• Lattice Energy LLC Understanding thermal runaway events Runaways and field-failures --- batteries behaving very badly Field-failures are statistically rare but very fast and damaging when they occur     By any reasonable standard, Lithium-based batteries are a relatively safe technology: garden variety thermal runaways only occur at frequencies of one such ‘milder’ event per several million battery cells Very worst, least understood type of thermal runaway, which goes under innocuous-sounding sobriquet of “field-failure” occurs at estimated rates that range from as little as one such event per 10 million Lithium-based battery cells up to as much as one event per every 4 to 5 million cells This estimated field-failure frequency rate applies to new, fresh batteries right off production lines and regardless of their chemistry or primary vs. secondary, according to long-term statistical data collected by two major Japanese manufacturers of Lithium-ion consumer batteries There’s one more issue: although very difficult to specify quantitatively, probability of thermal runaways seems to increase significantly as batteries age and go thru a great many charge-discharge cycles November 20. 2013 Lattice Energy LLC, Copyright 2013 All rights reserved 6
    • Lattice Energy LLC Understanding thermal runaway events Runaways and field-failures --- batteries behaving very badly “Garden variety” thermal runaways:  Temps: ~300o C up to 600o C (Lattice’s criteria)  Reasonably well understood failure events  Triggered by substantial over-charging or excessively deep discharges of Lithium-based batteries  Triggered by external mechanical damage to battery cells, e.g., crushing, punctures; growth of internal Li dendrites can mechanically pierce plastic separators Field-failure thermal runaways also typically include electric arc shorting:   Much rarer and comparatively poorly understood  Many presently believe triggered and/or accompanied by electrical arc discharges (internal shorts); what causes initial micro-arcs?  Much higher peak temperatures vs. garden variety events  November 20. 2013 Temps: > 600o C - can go up to thousands of o C with electric arcs Lattice suggests: super-hot low energy nuclear reactions (LENRs) could well be initial triggers for some % of them (for details see other Lattice documents) Lattice Energy LLC, Copyright 2013 All rights reserved 7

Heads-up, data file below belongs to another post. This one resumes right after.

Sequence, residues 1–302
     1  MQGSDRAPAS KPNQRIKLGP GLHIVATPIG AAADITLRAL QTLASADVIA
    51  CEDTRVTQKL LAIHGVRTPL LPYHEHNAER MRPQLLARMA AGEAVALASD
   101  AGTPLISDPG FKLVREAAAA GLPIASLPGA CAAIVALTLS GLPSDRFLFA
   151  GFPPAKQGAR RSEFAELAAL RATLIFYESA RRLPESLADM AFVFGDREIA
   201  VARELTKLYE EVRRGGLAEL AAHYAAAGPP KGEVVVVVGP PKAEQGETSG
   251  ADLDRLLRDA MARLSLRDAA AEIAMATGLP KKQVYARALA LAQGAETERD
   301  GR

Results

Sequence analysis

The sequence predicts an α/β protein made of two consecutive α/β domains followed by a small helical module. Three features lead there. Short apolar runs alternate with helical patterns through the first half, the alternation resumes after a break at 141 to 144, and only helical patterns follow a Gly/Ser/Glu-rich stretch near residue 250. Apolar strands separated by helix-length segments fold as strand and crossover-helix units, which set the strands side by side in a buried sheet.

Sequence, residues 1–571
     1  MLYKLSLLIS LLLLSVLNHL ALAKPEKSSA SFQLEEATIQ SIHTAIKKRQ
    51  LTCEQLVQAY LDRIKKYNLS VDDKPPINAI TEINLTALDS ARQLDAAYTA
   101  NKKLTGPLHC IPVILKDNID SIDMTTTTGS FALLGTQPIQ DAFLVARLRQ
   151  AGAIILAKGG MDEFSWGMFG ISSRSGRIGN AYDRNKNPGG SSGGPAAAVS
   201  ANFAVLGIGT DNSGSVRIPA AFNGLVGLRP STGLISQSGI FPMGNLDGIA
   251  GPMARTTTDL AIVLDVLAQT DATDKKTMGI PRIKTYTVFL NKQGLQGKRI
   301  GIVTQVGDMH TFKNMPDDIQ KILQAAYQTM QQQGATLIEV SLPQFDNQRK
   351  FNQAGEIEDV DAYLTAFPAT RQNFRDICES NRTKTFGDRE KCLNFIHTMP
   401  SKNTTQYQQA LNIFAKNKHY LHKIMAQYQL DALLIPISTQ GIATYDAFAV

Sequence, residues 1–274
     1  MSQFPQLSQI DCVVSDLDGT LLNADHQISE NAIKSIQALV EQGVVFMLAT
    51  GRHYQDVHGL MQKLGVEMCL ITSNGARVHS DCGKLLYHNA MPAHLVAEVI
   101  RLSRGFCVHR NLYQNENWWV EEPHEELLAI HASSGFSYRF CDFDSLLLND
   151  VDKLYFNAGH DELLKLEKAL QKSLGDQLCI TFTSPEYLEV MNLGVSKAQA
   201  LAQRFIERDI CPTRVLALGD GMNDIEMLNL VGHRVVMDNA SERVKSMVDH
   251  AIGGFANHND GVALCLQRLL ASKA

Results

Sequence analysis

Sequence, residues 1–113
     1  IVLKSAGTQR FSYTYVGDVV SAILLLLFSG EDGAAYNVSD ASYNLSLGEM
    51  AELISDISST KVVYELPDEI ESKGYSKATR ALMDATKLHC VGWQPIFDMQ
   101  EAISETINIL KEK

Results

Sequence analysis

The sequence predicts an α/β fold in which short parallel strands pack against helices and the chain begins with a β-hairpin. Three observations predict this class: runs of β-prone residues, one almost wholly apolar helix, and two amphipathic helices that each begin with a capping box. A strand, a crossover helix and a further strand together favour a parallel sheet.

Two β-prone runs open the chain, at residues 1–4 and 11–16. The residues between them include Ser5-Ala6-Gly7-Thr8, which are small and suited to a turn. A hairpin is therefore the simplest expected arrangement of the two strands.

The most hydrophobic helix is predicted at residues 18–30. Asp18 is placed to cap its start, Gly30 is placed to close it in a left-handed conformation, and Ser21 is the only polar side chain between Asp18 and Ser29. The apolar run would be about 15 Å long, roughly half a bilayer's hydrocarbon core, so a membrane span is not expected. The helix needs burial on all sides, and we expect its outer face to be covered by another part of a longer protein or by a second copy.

• Lattice Energy LLC Understanding thermal runaway events Runaways and field-failures --- batteries behaving very badly Internal electric arc shorts and LENRs can mutually facilitate each other   Please note that as little as a single blazing hot LENR-active site measuring only 30 microns in diameter --- if it happens to occur in vulnerable physical location deep inside a battery cell and adjacent to the surface of a plastic separator only 25 microns thick --can effectively vaporize a tiny local region of the separator, almost instantly turning it into a dense, micron-sized ball of highly conductive plasma. This would in turn create an electrical short between anode and cathode at that location, triggering a large inrush of electrical arc current through the breach in the separator dam. Intense local Joule heating would ensue from the arc current, further enlarging the breach and spatially expanding the superheated region inside a given battery cell. Depending on many complex, event-specific details, such a conflagration may or may not grow to engulf an entire cell; thus rare LENR events do not inevitably cause catastrophic heat runaways Under just the right conditions, a single microscopic LENR site can trigger a chain of energetic electrical (Joule heating) and chemical (exothermic reactions) processes that together create spatially autocatalytic, very macroscopic thermal runaway events that destroy battery cells billions of times larger than volumes of LENR site(s). In course of such runaways, 99.9+% of total energy released is non-nuclear; hot spark LENRs are just an effective triggering mechanism. Also note that internal electrical shorts - whatever their cause - can also trigger runaways November 20. 2013 Lattice Energy LLC, Copyright 2013 All rights reserved 8